Grand fare

Matt Prentice better watch out. Over the past three years, another restaurant empire, the Southern Hospitality Restaurant Group, has been developing in the metroplex. The group, run by Frank Taylor, Robert Porcher III (yes, that Robert Porcher) and Executive Chef Jerry Nottage, owns or manages five unique downtown dining spots — Seldom Blues, Sweet Georgia Brown, the Woodward (MT, April 26), the Detroit Breakfast House & Grill and, under review here, the Grand City Grille.

Like Seldom Blues in the RenCen and the Woodward in the Compuware Building, the Grand City Grille is located in one of Detroit's architectural gems, the Fisher Building. Occupying the handsome space on the corner of Grand Boulevard and Second that once housed Al Green's, the Pegasus, and, most recently, the Motor City Grill, the Grand City Grille has loftier culinary ambitions than its predecessors.

Ideally situated for lunch for New Center workers and for dinner before and after the shows at the Fisher Theatre, the restaurant can seat more than 200 diners.

Except for the exquisite, original, lofty art deco ceiling, the Motor City Grille has been completely redecorated in mink-brown tones, with dramatic, gauzy, ceiling-to-floor curtains separating the main room from the lounge. An added attraction are the large picture windows that provide views of the New Center's impressive buildings. And check out the stylishly designed art-deco menu.

John Smit runs the open kitchen and James Brandon, late of Iridescence in the Motor City Casino, is the executive manager. Despite the relative elegance of the setting, the fare is moderately priced with most of the eclectic main courses running less than $20 (add $3 for soup or a salad). The sophisticated wine list, however, befits a somewhat more expensive venue.

Appetizers range from the classic oysters Rockefeller ($10) to homemade tater tots ($5), with Smit's take on ubiquitous chicken wings, chicken pops and paddles ($7), well worth a try considering that his sweet and spicy barbecue sauce is spiked with Faygo Rock 'n' Rye.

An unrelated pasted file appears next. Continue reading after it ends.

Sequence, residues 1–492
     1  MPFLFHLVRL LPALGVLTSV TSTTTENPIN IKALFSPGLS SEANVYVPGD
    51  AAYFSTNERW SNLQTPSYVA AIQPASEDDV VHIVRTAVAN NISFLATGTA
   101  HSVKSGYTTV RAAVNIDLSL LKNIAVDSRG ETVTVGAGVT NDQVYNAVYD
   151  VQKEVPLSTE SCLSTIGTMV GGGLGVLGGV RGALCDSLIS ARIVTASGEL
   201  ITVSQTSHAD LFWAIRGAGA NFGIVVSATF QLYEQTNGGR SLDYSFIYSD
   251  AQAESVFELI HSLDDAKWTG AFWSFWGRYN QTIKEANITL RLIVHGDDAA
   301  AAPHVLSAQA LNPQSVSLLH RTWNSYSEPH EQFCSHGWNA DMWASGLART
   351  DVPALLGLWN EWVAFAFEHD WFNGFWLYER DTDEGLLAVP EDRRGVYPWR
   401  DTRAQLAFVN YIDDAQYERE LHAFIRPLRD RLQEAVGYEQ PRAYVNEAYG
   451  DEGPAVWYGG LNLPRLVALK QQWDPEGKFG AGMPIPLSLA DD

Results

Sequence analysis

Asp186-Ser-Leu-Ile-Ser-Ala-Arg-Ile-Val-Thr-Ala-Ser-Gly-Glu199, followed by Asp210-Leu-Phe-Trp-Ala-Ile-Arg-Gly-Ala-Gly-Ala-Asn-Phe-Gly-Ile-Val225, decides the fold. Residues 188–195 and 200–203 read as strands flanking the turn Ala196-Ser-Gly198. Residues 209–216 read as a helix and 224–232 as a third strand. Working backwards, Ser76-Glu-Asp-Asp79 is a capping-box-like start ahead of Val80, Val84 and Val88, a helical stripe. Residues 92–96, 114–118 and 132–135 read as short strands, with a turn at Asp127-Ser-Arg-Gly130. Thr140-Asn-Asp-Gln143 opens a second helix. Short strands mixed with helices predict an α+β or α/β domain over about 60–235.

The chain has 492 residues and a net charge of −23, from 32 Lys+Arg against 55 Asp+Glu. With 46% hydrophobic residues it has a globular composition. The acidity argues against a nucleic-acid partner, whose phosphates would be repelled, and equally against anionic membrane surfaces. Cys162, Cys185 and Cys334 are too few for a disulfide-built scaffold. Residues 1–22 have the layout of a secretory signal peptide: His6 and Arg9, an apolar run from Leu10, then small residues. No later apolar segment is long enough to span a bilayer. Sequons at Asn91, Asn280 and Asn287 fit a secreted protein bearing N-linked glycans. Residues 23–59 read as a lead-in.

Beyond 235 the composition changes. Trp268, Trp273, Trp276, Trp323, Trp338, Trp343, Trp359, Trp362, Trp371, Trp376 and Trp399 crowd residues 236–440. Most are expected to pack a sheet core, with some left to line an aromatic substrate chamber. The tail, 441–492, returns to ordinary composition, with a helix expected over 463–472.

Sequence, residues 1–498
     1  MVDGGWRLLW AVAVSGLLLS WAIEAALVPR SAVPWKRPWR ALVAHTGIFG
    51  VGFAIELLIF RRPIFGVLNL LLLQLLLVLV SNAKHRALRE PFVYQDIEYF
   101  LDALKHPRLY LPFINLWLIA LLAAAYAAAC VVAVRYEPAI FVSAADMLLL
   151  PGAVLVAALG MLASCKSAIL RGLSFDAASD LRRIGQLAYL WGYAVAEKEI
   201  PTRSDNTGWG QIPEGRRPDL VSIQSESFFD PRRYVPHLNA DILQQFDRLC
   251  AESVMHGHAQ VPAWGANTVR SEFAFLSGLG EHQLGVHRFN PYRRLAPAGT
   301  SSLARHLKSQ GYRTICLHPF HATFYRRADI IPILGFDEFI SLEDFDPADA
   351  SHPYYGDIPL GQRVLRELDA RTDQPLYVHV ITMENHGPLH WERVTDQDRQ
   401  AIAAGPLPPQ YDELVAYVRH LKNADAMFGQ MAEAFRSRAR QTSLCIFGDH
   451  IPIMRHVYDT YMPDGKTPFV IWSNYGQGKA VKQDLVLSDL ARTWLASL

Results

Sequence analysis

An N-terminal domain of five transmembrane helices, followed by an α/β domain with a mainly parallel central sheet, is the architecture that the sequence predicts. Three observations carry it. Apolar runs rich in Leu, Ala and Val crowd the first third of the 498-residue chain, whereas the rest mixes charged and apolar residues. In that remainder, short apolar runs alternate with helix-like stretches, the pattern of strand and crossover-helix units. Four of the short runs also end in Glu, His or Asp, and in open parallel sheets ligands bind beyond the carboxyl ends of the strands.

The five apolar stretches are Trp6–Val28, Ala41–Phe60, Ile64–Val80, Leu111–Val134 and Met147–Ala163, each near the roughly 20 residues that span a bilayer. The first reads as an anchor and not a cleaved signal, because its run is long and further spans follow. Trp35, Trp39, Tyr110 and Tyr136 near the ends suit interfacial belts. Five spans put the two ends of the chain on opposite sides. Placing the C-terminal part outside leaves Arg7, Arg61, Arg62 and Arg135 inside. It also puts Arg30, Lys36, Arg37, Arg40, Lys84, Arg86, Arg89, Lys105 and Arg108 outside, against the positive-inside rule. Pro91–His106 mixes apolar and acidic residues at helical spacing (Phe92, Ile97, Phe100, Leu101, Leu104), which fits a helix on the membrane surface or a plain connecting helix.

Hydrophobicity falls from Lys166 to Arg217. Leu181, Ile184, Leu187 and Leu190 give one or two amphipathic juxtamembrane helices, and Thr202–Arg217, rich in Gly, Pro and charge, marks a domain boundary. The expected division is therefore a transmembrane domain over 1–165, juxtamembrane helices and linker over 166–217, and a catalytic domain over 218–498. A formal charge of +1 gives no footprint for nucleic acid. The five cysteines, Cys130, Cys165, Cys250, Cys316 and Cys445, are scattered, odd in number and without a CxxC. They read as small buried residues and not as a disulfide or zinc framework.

When the Grande City Grille first opened in January, visitors reported problems with the service. Whatever they were, they have been addressed. As I was making my usual mess with the sticky barbecue sauce, Eric, our experienced waiter, appeared silently with a plate containing a warm linen napkin and a lemon wedge. Perhaps overdoing the attempt to demonstrate efficient service, three different employees asked us several times how things were going during dinner.

Of the add-on soups for dinner, a tangy Cuban black bean with sour cream, rice and cilantro and a silky tomato bisque were preferable to a bland clam chowder. Although the ample house green salad, which goes well beyond lettuce, is fresh and crisp, one can opt for fried spinach salad or the more familiar cobb, Caesar and romaine wedge salads at an additional cost.

The entrées might include confit of duck, two crispy-on-the-outside, tender-on the-inside legs, served with asparagus, cannelloni bean gratin and a savory linguisa Portuguese sausage. This unusual combination is characteristic of the flair with which the main dishes are constructed. Seafood fettuccini, one of the most requested dishes, is laden with really jumbo shrimp and comparably large scallops, along with crabmeat, in a creamy, sort-of-Alfredo sauce with just a hint of garlic.

A playful side of Smit's bustling open kitchen is evidenced by shrimp corn dogs that bear little relation to the corn dogs kids nibble on at the State Fair. At the other end of the cute-staid continuum, one finds several steaks, bronzed Canadian salmon, and, a rarity these days, old-fashioned lobster Newburg on toast points.

Vegetarians will have to make do with a salad or Shanghai noodles, with snow peas, bean sprouts and Asian vegetables in a ginger-sesame sauce.

On weekends when there is a play at the Fisher, the Grand City Grille offers a large buffet ($35), anchored by carved roast beef and turkey, and highlighted by more of those jumbo shrimp and king crab legs. A mere additional $7 will buy all the house wine one cares to drink. Management must be betting that most theatergoers will take it easy on the wine for fear that they will nod off while watching a play.

Because of limited space, there is no bakery on the premises. The Grille relies on different contractors for bread — we had a pleasant warm and crusty onion rye on one occasion — and pastry, making only ice cream-based desserts in-house.

So far so good. The Grand City Grille, like the Southern Restaurant Hospitality Group's other operations, earns points for its gracious setting, its highly professional staff and a kitchen that offers a healthy mix of old standards and more fanciful dishes. The key question, which has been faced by all of its predecessors, is what happens on evenings and weekends when the Fisher is dark? From my perspective, the Grand City Grille deserves to be considered as a destination in its own right, and not merely a convenient place to dine while awaiting the big event.

Mel Small teaches history at Wayne State University. Send comments to [email protected].